19 April 2017

The Chinese economy in 2017 – stability is key

Ahead of China’s most important political assembly in five years, Beijing wants to ensure that there are no economic surprises.

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There is one theme that will dominate the Chinese economy throughout 2017 – stability. Towards the end of the year, the Communist Party of China will hold its 19th National Congress – a key political event held every five years that typically involves a reshuffle of top-level leaders.

Ahead of the Congress, officials across the country will be working hard to make sure that there are no surprises that could overshadow the meeting. The drive towards stability will therefore be felt in every aspect of the economy.

In addition to maintaining steady economic growth, the government will be trying to avoid shocks in the financial system, as well as ensuring that there is no volatility in the exchange rate.

"The question we need to ask is how easy is it for this policy to be achieved," said Qu Hongbin, Co-Head of Asian Economic Research and Chief Economist, Greater China HSBC Hong Kong.

Mr. Qu was speaking at HSBC’s Asian Outlook & RMB Forum, held in Kuala Lumpur, where his outlook for the Chinese economy in 2017 focused on the challenges that Beijing faces in achieving a stable year.

He started however, with the positives. There is an ongoing reflationary story underway in China, as the year started with a rebound in the producer price index (PPI) and stabilization in the consumer price index (CPI), at around 2.5 per cent year-on-year growth.

This is a sharp change from just one year ago, when the economy was slowing, inflation was low, and some observers were even discussing the possibility of future deflation. PPI, which is a proxy for the corporate sector’s pricing power, was contracting; while CPI was increasing little more than 1 per cent year-on-year.

Deflation has eased


"The risk of China falling into a deflation trap has significantly reduced," said Mr. Qu, who described the pick-up in inflation as the most important positive development for the Chinese economy in 2016.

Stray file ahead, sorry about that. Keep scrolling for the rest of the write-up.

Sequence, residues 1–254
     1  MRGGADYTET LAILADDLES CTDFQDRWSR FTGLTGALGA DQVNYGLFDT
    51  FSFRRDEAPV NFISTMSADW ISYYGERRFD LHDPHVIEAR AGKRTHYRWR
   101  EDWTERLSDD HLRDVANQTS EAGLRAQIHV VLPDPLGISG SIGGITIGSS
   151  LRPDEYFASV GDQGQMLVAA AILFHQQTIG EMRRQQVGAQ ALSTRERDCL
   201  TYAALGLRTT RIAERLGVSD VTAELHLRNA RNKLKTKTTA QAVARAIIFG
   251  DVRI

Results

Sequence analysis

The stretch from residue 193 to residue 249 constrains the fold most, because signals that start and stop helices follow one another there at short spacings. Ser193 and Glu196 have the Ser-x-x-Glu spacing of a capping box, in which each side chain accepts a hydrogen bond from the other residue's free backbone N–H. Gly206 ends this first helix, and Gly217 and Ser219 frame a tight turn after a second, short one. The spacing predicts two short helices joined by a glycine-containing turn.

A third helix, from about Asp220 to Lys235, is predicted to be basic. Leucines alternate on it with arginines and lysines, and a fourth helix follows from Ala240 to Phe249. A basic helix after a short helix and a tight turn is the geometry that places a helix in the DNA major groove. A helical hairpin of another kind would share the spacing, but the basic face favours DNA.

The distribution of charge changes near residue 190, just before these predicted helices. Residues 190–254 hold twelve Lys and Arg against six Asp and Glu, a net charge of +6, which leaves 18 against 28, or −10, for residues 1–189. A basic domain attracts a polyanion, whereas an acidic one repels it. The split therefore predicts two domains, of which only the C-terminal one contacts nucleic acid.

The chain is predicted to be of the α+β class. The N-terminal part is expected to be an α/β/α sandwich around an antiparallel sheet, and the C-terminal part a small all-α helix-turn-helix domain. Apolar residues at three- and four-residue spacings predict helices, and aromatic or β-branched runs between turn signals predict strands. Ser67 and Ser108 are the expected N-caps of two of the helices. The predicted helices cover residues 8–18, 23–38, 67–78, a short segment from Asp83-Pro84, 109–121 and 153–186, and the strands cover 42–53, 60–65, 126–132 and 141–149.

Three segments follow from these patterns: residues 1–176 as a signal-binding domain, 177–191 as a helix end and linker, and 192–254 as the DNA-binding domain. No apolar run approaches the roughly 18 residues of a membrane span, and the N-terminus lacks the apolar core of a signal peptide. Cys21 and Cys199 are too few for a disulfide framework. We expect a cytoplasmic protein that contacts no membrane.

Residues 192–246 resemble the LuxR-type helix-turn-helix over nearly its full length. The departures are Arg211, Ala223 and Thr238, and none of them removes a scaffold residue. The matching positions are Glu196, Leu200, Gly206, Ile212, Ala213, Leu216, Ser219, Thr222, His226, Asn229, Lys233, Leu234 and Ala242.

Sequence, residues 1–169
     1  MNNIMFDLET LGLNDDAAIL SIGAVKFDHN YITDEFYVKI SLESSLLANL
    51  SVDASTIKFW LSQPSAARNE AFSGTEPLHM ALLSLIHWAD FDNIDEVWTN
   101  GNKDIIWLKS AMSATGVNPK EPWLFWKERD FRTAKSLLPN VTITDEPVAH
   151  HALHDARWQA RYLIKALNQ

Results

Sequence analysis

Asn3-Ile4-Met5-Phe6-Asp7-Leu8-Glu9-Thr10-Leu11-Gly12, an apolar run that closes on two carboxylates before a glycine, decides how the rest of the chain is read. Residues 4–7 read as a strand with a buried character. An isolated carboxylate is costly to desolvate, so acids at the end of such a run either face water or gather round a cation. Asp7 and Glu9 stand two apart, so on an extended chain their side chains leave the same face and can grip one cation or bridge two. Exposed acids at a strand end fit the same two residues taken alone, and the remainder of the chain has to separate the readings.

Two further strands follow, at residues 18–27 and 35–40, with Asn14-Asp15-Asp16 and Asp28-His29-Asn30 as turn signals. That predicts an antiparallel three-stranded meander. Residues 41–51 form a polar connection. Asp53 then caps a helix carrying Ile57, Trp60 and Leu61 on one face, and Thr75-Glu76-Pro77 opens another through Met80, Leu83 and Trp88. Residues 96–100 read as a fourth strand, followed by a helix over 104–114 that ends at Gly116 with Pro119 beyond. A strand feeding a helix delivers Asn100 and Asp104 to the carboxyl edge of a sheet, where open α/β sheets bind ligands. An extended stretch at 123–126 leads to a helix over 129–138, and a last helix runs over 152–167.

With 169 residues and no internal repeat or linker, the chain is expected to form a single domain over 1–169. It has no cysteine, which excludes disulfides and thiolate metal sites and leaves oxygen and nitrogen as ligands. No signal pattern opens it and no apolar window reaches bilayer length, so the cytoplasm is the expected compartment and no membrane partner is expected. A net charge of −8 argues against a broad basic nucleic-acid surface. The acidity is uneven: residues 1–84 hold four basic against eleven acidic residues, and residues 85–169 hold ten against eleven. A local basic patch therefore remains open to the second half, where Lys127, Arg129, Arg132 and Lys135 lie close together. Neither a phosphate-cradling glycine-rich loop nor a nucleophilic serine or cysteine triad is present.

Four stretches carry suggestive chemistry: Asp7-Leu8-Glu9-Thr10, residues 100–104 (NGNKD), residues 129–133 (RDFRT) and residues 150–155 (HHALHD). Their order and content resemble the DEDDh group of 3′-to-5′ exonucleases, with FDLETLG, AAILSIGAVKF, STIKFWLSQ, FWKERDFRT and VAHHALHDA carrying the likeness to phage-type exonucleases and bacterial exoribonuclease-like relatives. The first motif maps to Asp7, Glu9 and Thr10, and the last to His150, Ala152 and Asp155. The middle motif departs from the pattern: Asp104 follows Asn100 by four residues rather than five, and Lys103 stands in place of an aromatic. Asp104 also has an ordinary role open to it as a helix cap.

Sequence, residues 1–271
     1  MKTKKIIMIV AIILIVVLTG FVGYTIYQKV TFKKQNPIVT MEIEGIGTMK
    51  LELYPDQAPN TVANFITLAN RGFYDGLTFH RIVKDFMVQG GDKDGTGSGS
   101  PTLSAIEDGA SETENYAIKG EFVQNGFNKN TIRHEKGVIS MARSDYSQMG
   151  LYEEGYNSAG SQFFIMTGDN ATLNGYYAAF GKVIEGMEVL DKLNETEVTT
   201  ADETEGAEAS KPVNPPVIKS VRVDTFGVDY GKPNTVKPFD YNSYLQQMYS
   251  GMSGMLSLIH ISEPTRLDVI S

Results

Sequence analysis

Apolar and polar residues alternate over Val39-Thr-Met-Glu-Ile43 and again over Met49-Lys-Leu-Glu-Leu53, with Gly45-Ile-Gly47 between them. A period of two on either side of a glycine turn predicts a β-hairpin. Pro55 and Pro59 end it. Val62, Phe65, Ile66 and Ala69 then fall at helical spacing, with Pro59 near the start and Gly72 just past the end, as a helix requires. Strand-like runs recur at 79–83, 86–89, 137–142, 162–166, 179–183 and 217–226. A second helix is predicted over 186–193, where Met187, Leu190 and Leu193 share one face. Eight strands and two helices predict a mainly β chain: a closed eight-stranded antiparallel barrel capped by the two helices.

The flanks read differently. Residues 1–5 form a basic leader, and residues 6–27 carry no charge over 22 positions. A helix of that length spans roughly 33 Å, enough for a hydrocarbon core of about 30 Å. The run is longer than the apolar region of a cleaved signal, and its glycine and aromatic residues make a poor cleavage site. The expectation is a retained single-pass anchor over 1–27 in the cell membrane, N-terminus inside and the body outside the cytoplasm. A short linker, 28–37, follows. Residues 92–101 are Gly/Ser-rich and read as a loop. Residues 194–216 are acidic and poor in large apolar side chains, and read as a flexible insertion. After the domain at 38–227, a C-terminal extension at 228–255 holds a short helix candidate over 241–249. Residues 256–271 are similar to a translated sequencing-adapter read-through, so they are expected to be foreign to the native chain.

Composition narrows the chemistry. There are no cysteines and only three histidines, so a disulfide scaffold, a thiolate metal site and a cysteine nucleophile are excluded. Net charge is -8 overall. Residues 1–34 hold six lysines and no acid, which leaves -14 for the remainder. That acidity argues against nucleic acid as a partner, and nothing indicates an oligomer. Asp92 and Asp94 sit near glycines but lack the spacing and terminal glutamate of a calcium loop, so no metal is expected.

Also on the plus side, there has a recovery in nominal GDP growth, which is highly relevant to the corporate sector as it suggests that there is a similar trend in revenue growth, and is another indicator to show that the pricing power of companies is increasing. Furthermore, profitability in the industrial sector has improved, which should make it easier for companies to service any debt they may have.

It is not all good news. "The economy still faces challenges," said Mr. Qu. "So in order to maintain stability in the economy, the government needs to work hard against a number of headwinds."

One cause for concern is overseas trade, as exports have been weak for more than a year. The rising chance of protectionist policies in the US, means that the situation will remain difficult for companies that are reliant on foreign markets.

Another area that attracts considerable attention is China’s property market, with housing prices enjoying a strong recovery in 2016. The fear is that cost of real estate has risen too quickly, increasing the likelihood a sharp correction in the market. The problem is most evident in China’s most developed cities – such as Beijing, Shanghai, and Shenzhen. As a result, local authorities are already imposing purchasing restrictions to cool down the market.

Mr. Qu predicts that demand for housing will soften in 2017, but that a serious collapse in prices is only a remote possibility. The most serious issue lies in the first-tier cities, which account for around 30 per cent of total housing sales. If one third of the market corrects, he said, while property prices in the rest of the country enjoys gradual growth, the net result on the overall market will be moderate softening.